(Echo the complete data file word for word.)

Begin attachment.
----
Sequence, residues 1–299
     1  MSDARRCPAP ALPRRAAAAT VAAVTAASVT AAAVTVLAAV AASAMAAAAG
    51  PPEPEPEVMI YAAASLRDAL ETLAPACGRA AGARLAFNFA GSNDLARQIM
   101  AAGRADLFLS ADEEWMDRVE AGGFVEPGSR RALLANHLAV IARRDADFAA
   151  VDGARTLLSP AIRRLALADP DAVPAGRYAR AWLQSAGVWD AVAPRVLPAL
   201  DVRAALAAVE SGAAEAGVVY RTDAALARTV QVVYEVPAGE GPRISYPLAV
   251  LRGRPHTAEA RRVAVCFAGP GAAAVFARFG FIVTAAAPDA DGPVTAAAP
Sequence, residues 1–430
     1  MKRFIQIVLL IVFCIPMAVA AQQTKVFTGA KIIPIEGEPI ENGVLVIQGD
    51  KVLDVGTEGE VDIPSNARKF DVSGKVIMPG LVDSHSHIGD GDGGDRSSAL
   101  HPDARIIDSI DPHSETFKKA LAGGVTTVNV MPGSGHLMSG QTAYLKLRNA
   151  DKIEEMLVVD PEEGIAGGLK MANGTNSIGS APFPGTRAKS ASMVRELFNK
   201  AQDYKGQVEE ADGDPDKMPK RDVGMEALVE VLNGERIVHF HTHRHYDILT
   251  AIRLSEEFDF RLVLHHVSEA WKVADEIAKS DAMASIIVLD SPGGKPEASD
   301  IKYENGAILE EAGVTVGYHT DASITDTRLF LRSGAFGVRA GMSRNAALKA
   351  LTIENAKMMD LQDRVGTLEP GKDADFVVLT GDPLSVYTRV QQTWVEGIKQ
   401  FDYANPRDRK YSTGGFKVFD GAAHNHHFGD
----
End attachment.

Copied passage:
Sequence, residues 1–299
     1  MSDARRCPAP ALPRRAAAAT VAAVTAASVT AAAVTVLAAV AASAMAAAAG
    51  PPEPEPEVMI YAAASLRDAL ETLAPACGRA AGARLAFNFA GSNDLARQIM
   101  AAGRADLFLS ADEEWMDRVE AGGFVEPGSR RALLANHLAV IARRDADFAA
   151  VDGARTLLSP AIRRLALADP DAVPAGRYAR AWLQSAGVWD AVAPRVLPAL
   201  DVRAALAAVE SGAAEAGVVY RTDAALARTV QVVYEVPAGE GPRISYPLAV
   251  LRGRPHTAEA RRVAVCFAGP GAAAVFARFG FIVTAAAPDA DGPVTAAAP
Sequence, residues 1–430
     1  MKRFIQIVLL IVFCIPMAVA AQQTKVFTGA KIIPIEGEPI ENGVLVIQGD
    51  KVLDVGTEGE VDIPSNARKF DVSGKVIMPG LVDSHSHIGD GDGGDRSSAL
   101  HPDARIIDSI DPHSETFKKA LAGGVTTVNV MPGSGHLMSG QTAYLKLRNA
   151  DKIEEMLVVD PEEGIAGGLK MANGTNSIGS APFPGTRAKS ASMVRELFNK
   201  AQDYKGQVEE ADGDPDKMPK RDVGMEALVE VLNGERIVHF HTHRHYDILT
   251  AIRLSEEFDF RLVLHHVSEA WKVADEIAKS DAMASIIVLD SPGGKPEASD
   301  IKYENGAILE EAGVTVGYHT DASITDTRLF LRSGAFGVRA GMSRNAALKA
   351  LTIENAKMMD LQDRVGTLEP GKDADFVVLT GDPLSVYTRV QQTWVEGIKQ
   401  FDYANPRDRK YSTGGFKVFD GAAHNHHFGD